Scott and Cavs fans didn't have to wait long, as a little lottery luck landed what looks to be the next superstar to build around for the future. Irving brought hope and excitement, but injuries, a relatively thin roster, and some late-season tanking landed the Cavaliers at the bottom of the Central and near the top of the lottery for the second straight year.
Scott has handled the ugly transition admirably. He's done nothing to lose his job or make anyone think he's doing a poor job. But can you say he's done a good job? He was in unchartered territory, and it's difficult to come up with a reasonable job evaluation given the circumstances. As the 2012-13 season begins, Scott, despite his importance, is somewhat of a forgotten man. Understandably, Cavs fans are much more eager for Irving 2.0 after a breakout summer, and both excited and nervous about Waiters as his backcourt running mate.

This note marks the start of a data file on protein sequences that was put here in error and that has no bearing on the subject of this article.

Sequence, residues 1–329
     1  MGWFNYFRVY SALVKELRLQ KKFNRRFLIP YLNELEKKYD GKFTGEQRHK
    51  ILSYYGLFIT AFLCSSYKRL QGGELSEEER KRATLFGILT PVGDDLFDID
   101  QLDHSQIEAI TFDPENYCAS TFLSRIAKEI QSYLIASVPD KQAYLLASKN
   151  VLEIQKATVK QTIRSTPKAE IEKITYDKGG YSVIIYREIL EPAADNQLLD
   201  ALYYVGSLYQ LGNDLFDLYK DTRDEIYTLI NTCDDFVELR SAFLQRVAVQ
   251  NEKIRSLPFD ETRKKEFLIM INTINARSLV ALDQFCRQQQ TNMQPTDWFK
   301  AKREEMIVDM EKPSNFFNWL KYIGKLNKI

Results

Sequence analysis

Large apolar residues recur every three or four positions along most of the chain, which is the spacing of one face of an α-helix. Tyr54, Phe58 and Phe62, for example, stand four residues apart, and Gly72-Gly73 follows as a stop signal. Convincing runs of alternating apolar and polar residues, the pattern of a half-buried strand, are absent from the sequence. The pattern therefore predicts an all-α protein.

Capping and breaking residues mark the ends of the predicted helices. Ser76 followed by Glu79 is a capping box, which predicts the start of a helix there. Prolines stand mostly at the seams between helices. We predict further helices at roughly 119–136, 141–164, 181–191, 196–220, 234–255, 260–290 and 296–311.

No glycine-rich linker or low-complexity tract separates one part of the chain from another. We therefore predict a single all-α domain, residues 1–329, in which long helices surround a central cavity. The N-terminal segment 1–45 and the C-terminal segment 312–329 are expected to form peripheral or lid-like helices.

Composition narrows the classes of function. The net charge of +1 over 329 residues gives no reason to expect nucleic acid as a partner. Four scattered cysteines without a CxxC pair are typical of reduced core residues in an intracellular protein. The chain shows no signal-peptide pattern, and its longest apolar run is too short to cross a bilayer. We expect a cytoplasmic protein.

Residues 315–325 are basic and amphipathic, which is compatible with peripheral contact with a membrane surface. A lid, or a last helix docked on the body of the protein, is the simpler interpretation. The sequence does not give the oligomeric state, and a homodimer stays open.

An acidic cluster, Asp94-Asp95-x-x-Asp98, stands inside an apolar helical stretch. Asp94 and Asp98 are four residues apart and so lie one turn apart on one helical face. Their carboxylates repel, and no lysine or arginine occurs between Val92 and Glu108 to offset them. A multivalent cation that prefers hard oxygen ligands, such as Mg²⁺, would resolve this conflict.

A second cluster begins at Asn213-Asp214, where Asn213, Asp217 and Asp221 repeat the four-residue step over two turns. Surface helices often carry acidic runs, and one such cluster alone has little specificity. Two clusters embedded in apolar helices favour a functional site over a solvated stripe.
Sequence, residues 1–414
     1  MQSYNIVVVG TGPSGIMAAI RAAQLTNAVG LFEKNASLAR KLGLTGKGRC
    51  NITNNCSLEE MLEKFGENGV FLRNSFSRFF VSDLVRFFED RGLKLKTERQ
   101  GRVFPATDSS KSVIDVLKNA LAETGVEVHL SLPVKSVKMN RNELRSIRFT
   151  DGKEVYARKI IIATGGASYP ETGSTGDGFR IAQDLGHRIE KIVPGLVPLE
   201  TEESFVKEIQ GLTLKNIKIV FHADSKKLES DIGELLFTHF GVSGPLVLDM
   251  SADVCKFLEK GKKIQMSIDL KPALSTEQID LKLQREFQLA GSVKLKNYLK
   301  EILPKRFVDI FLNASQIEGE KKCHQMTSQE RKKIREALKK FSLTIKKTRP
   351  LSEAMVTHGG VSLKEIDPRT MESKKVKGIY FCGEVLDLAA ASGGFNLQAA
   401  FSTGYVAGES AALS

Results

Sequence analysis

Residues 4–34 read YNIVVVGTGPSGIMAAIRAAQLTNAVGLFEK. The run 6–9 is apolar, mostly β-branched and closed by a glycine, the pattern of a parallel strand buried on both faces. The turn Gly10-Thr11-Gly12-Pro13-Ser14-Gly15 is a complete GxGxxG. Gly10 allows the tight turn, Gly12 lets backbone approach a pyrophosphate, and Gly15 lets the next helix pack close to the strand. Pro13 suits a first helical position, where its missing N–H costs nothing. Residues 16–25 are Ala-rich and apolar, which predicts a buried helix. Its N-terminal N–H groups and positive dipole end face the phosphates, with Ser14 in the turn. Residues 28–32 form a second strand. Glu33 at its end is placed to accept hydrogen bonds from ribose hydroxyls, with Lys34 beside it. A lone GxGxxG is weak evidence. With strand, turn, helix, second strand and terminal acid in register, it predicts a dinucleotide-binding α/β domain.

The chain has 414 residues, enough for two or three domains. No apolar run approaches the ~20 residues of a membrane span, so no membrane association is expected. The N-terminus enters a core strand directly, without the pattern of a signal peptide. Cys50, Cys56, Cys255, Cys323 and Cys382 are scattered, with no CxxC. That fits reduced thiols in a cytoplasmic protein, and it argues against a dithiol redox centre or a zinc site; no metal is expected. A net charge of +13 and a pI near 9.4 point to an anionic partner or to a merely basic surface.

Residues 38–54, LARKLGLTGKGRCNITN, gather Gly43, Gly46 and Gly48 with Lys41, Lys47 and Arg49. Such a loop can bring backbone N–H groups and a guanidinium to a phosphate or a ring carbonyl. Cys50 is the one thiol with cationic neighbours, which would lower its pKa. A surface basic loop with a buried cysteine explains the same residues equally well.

The Waiters pick was so important because if Irving continues on his expected trajectory, it's unlikely that the Cavs end up at the very top of the lottery again. They should be trending upwards. They're attempting to follow that seemingly unattainable OKC model you constantly hear cited around Cleveland. As the Thunder ascended, head coach Scott Brooks was often lambasted for his puzzling management at the end of games. In the eyes of many, Brooks redeemed himself a bit with some savvy moves during the 2012 postseason but he'll continue to be a target when things go wrong.
The Cavs have been among the worst teams in the NBA in defensive efficiency in Scott's two seasons (and in the bottom five of almost every defensive statistic). They've allowed more than 100 points per game in each of the past two years. These stats aren't necessarily unsurprising, it's a team that was 40-108 in that stretch -- nearly all the stats, both on offense and defense, are unkind.